As described in more detail below, the seismic sources 40 may be fired in a sequence such that multiple seismic sources 40 may be fired simultaneously or near simultaneously in a short interval of time so that a composite energy signal that is sensed by the seismic sensors 58 contain energy from more than one seismic source 40. In other words, the seismic sources interfere with each other such that the composite energy signal is not easily separable into signals that are attributed to the specific sources. The data that is acquired by the seismic sensors 58 is separated, as described below, into datasets that are each associated with one of the seismic sources 40 so that each dataset indicates the component of the composite seismic energy signal that is attributable to the associated seismic source 40. In some embodiments, a dataset may include multi-component seismic data. In some embodiments, a dataset may include single component seismic data.

In a conventional towed marine survey, a delay is introduced between the firing of one seismic source and the firing of the next seismic source, and the delay is sufficient to permit the energy that is created by the firing of one seismic source to decay to an acceptable level before the energy that is associated with the next seismic source firing arrives. The use of such delays, however, imposes constraints on the rate at which the seismic data may be acquired. For a towed marine survey, these delays also imply a minimum inline shot interval because the minimum speed of the survey vessel is limited.

Thus, the use of simultaneously-fired or near-simultaneously-fired seismic sources in which signals from the sources interfere for at least part of each record, has benefits in terms of acquisition efficiency and inline source sampling. For this technique to be used in conjunction with conventional data processing methods, the acquired data should ideally be separated into the datasets that are each uniquely associated with one of the seismic sources.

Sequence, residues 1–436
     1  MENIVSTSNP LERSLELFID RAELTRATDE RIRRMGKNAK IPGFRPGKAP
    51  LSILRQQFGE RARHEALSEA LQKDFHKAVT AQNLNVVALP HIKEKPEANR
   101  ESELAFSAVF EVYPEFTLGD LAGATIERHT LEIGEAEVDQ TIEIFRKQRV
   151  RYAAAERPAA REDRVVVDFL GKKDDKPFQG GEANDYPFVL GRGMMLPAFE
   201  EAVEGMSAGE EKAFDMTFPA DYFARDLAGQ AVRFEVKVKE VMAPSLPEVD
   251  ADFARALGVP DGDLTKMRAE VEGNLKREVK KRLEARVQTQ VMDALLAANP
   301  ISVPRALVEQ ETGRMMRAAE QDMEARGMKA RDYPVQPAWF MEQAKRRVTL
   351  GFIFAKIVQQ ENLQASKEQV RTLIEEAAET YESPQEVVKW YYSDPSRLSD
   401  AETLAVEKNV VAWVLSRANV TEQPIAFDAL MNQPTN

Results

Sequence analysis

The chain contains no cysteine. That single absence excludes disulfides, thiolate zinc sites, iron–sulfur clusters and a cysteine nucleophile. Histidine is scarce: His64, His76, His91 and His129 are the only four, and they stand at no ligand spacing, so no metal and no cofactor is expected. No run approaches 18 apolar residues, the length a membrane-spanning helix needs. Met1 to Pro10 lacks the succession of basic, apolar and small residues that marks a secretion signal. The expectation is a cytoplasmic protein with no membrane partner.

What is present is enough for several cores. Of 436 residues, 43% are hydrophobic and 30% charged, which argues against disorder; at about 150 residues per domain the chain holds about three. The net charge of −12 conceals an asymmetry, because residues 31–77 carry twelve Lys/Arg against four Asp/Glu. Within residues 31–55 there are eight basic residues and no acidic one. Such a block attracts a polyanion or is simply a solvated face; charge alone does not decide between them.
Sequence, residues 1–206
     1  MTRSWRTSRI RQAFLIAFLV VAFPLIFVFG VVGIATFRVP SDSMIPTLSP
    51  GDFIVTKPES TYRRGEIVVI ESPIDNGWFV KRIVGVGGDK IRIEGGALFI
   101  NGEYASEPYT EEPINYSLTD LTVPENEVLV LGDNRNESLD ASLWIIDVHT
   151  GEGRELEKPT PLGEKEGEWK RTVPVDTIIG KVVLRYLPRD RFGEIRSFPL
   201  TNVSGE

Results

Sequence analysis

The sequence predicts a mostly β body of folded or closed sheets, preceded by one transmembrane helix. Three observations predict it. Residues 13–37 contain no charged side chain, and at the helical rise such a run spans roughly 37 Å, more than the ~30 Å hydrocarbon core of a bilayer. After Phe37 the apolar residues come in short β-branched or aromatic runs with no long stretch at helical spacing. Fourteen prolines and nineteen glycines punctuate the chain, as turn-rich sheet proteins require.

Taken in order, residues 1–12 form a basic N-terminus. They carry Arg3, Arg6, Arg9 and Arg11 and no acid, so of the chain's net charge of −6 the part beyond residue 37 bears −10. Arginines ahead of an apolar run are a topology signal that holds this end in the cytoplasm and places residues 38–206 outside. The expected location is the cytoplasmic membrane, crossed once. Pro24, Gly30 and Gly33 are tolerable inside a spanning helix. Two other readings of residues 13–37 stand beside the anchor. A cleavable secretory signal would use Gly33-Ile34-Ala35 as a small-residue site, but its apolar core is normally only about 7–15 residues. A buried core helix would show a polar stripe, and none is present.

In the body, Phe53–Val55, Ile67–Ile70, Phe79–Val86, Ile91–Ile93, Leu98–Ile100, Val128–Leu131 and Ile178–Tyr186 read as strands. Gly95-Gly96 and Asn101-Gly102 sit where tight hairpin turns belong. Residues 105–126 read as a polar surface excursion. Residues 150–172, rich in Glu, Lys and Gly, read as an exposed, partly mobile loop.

One conventional technique for enabling the separation for interfering seismic sources makes use of relatively small delays (random delays, for example) between the firings of seismic sources (i.e., involves the use of source dithering). The resulting seismic traces are collected into a domain that includes many firings of each source. The traces are aligned such that time zero corresponds to the firing time for a specific source so that the signal acquired due to the specific seismic source appears coherent while the signal acquired due to the other seismic sources appear incoherent. The acquired signals are separated based on coherency.

It has been observed that the apparently incoherent signal may not be mathematically incoherent, because the time delays between seismic source firings that make the signal appear to be incoherent are known. Therefore, in accordance with some embodiments of the invention described herein, all of the energy that is acquired due to interfering seismic source firings is treated as a single composite energy signal; and linear operator transforms are used for purposes of decomposing the composite energy signal into signals that are each uniquely associated with a particular seismic source.